Honors - General
Today, Indigenous peoples around the world are reasserting an ancient idea that our human responsibilities to the planet come through place, and that our planetary responsibilities are fulfilled by investing in and learning from place. Place-based Indigenous thought and activism give us new ways of thinking about global citizenship within a more-than-human democracy of beings – a “pluriverse” – and changes our understanding of what it means to be human in the twenty-first century. After looking at the limitations of the system of global ethics in cosmopolitan philosophy, we will get acquainted with the “place thought” of three Indigenous peoples: the Western Apache of the USA, the Maori of Aotearoa/New Zealand, and the Huaorani of the Ecuadorian Amazon. This course satisfies three credit hours of general education requirements in the behavioral and social sciences and is part of the Honors College’s Interdisciplinary Topics in the Human Sciences series. Graded on A-F basis only. Prerequisites: Honors eligibility required.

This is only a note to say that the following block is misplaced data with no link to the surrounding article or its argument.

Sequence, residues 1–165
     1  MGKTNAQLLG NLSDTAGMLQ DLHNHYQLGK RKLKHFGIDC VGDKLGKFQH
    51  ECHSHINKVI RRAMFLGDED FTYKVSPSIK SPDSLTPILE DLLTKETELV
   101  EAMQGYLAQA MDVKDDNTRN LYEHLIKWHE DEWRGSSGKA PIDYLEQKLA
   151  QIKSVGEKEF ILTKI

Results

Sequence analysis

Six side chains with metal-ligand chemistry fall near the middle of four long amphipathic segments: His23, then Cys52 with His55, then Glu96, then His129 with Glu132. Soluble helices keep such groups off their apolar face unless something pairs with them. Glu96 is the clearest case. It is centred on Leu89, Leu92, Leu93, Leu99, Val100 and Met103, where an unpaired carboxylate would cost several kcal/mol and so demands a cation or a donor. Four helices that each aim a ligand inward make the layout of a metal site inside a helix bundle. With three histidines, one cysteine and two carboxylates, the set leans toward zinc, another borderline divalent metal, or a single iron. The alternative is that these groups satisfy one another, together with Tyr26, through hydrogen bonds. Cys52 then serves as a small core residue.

Can only count for one of these categories.